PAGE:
Chronic Illness - What To Do When You Know What "It" Is
Vijai P. Sharma, Ph.D
When you first find out about your diagnosis that's never going to go away, finding cure for the disease is unlikely to be on your mind. Best you can do is to focus on learning to live with chronic illness and fight with the thoughts of dying from it. Such a response is normal!
In this article we will identify thoughts and emotions that go with the first time diagnosis and offer tips for living with what is hard to live with.
You must learn to deal with the "hydra headed" monster called anxiety. Here are some questions you will be faced with: "Would I have other symptoms in addition to what I already have?" How would I look some years from now; fat and ugly?" Would this lead to even more serious illness?" "What if I get the wrong treatment or the side-effect are terrible?" "What about pain?" "Will I become invalid and dependent on others?"
Anxiety, fear or depression may be the result of the concerns related to burdening others, losing friends, losing partner (or not finding one!), losing the love of the loved ones, loss of sexual function and desire and missing out on the joys of life especially the fun and activities with the family.
The worst fear is the fear of loss of control over one's life. It is particularly hard if you are one of those who have worked hard to gain and maintain control over their lives and of such unspeakable topics as disability and death.
Are you concerned with how others would react to you? Questions such as the following become persistent and even intrusive: "Do I look alright?" "Would people think I am really sick or would they dismiss or undermine the seriousness of my symptoms?" "Would my doctor take me seriously?" " Would others tolerate me and accommodate me?"
Guilt and shame regarding what you should've and shouldn't have done to bring this chronic illness to yourself, envy of the able bodied accompanying the feelings of self-pity, powerlessness and hopelessness are natural and inescapable.
What can set you apart from others and aid you in coping with your chronic illness is how well you work through these feelings. It is futile to try to block such thoughts and feelings or to promise yourself that you won't think or feel them.
You have to look at those feelings and thoughts right in their eyes, accept them as natural and hug and hold on to what is still intact and precious about you and around you.
A lot of people isolate themselves because of lowered self-esteem and negative expectations and anticipations of others' reactions and then wonder why they are on one island and everybody else is on the others. Don't hesitate to ask for help when appropriate. But, don't come across like you are demanding of or confronting the people you think should be more responsive and supportive.
Beware of unrealistic expectations from self and others. At the same time, don't ignore your own needs and don't focus on your inabilities and shortcomings. Don't obsess over your chronic illness.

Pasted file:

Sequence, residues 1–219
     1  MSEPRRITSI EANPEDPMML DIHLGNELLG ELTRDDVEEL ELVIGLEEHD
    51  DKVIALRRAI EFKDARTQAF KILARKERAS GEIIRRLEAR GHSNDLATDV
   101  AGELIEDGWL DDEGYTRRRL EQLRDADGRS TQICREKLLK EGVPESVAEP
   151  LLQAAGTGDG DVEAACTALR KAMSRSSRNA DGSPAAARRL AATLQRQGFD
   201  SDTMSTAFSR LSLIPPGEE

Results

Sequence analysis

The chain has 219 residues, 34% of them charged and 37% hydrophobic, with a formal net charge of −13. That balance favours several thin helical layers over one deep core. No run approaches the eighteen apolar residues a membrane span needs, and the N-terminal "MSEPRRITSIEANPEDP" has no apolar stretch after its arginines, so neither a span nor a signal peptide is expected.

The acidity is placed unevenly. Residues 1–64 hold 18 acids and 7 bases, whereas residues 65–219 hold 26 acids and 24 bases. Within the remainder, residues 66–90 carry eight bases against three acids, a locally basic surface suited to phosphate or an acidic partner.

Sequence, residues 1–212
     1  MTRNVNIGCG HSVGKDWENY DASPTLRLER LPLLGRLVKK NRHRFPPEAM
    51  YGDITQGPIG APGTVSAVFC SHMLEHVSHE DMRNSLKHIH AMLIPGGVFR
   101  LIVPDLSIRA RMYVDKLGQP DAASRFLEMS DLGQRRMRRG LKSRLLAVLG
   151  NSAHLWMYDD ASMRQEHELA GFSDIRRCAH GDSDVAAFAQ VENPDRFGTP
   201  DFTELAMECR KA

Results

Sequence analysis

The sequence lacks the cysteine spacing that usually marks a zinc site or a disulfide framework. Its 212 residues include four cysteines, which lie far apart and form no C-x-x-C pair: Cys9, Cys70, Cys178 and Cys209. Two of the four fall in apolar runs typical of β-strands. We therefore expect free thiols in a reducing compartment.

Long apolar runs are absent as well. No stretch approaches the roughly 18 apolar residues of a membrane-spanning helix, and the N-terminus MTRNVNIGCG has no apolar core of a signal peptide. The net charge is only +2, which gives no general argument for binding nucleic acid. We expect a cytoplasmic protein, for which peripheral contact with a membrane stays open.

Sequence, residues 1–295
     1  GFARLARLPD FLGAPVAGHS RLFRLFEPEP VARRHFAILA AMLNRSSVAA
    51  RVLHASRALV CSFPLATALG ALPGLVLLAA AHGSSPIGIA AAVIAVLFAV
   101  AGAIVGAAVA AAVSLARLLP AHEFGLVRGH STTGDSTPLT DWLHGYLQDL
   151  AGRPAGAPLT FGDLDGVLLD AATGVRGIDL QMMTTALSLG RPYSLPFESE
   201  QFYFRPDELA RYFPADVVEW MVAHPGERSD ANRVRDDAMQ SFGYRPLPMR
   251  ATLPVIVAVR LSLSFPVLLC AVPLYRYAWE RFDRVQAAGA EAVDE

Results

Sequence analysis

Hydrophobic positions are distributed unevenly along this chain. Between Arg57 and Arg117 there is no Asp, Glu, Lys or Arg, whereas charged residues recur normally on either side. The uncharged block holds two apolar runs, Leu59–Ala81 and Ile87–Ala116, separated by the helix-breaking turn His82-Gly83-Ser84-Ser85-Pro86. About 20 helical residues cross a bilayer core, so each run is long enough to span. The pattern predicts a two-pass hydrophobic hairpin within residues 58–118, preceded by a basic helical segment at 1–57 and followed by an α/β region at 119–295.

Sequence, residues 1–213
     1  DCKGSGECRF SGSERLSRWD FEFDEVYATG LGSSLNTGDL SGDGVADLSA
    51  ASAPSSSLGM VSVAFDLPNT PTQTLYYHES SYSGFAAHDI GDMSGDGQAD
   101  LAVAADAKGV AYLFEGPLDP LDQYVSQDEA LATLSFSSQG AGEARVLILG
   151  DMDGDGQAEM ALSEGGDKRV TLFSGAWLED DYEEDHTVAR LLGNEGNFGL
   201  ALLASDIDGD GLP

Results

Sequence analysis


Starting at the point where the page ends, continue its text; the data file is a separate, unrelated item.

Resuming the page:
When you commit yourself to handle whatever befalls you can empower you enormously and save you from some of the future negative outcomes. For example, when you commit yourself to cope with possible desertion by friends and relatives, you'll come across as someone who is calm and confident. Others may become fascinated and inspired by you and may like to hang around you even more.
Let's take the opposite example. Suppose you absolutely dread the possibility of friends and relatives abandoning you. You're either going to cling to them or act as if you are already resigned to the fact that they will abandon you sooner or later. Chances are that others might feel awkward or defensive around you. Thus the fear of desertion and negative anticipation might just prove to be a self-fulfilling prophecy.
Say, your friends and relatives really leave you in spite of you being so positive and confident No problem! When you commit to deal with whatever may come your way, you will make new friends. The new friends may be different. They may be more like you!
Self-esteem is a likely casualty of chronically severe illness. Self-esteem doesn't have to be compromised because of a physical dysfunction or even disability. You have value and worth apart from your body. You can admire yourself for how well you cope with the challenges of your chronic illness. You can feel good about your past accomplishments too.
You are a worthy person regardless of your disability. There is no reason you should stop loving yourself now.
If someone tries to put you down or doesn't respect you, be assertive in communicating your expectations. If they don't change their ways, have no hesitation in withdrawing from them.
Speak in a strong voice if physically possible. Make eye contact and keep your head held high when you talk. Take your time. You will inspire others and give them hope.
Copyright 2004, Mind Publications